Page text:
Something big is going to have to change in the U.S. construction industry, where employers are adding jobs faster than they can find people to hire.
Construction companies keep on advertising new jobs, but hiring has hardly budged during the recovery, new figures released Wednesday by the Bureau of Labor Statistics show.
While construction job openings were up nearly 400 percent since the official end of the recession through June, actual hiring rose just 10 percent.
The pace of job creation has enough to send the unemployment rate for construction workers plummeting, to 4.5 percent in July. That's down a full percentage point from the year before, and three percentage points from 2014. Construction unemployment rate soared above 25 percent during the worst of the housing bust.
With so much unfulfilled demand for labor, it's a good bet to expect that construction wages will start rising to entice more workers into building. Although there are now 6.9 million construction workers in the U.S., up nearly 2 million since the depths of the crisis, the pre-recession high of over 8 million is still a ways away.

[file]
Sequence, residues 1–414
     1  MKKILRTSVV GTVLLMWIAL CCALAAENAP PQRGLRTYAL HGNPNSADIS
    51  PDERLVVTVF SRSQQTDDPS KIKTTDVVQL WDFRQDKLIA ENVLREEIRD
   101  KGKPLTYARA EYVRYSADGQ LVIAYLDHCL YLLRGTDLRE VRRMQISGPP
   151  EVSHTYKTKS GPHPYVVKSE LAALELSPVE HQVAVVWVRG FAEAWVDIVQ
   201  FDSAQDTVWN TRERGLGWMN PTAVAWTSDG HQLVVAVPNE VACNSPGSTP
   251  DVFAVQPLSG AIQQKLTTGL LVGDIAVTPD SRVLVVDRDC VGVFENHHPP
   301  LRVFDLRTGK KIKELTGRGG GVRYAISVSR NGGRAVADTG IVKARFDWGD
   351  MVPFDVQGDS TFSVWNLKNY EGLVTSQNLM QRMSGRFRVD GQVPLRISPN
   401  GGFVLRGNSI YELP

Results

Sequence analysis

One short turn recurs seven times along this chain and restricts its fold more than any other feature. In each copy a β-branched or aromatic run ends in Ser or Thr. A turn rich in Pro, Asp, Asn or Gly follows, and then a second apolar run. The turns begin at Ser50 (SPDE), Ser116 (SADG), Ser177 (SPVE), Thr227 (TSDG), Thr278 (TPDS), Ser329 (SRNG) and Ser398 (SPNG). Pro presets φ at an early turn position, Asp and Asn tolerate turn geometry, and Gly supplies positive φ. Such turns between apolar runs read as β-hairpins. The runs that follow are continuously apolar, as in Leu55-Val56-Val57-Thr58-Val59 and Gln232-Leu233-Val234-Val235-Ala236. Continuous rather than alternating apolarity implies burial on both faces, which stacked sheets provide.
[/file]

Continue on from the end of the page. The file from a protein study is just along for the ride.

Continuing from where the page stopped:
In fact, that's starting to happen already: Employer costs for construction workers were up 2.7 percent annually in the second quarter, according to a separate Bureau of Labor Statistics data set, a significant acceleration.
What's happening in the construction industry is just a particularly intense example of what's happening in the U.S. labor market as a whole. While job openings are up nearly 140 percent during the recovery, actual hiring has risen just 40 percent.
The vacancies and hiring statistics released Wednesday were taken from the Job Openings and Labor Turnover Survey published by the Bureau of Labor Statistics. Although the survey is released a month after the monthly jobs numbers, economics and government officials follow it closely because it contains fine-grained detail that the jobs numbers don't and can provide clues about the underlying health and dynamics of the jobs market.
Recent payroll job growth has been relatively strong. Over the past three months, the economy has averaged 190,000 new jobs, and the unemployment rate has held below 5 percent.